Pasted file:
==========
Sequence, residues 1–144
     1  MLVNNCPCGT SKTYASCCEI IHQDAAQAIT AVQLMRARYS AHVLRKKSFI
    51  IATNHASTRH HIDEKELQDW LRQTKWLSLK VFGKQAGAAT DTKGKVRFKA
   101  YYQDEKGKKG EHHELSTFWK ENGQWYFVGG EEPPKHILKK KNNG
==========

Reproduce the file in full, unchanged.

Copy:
Sequence, residues 1–144
     1  MLVNNCPCGT SKTYASCCEI IHQDAAQAIT AVQLMRARYS AHVLRKKSFI
    51  IATNHASTRH HIDEKELQDW LRQTKWLSLK VFGKQAGAAT DTKGKVRFKA
   101  YYQDEKGKKG EHHELSTFWK ENGQWYFVGG EEPPKHILKK KNNG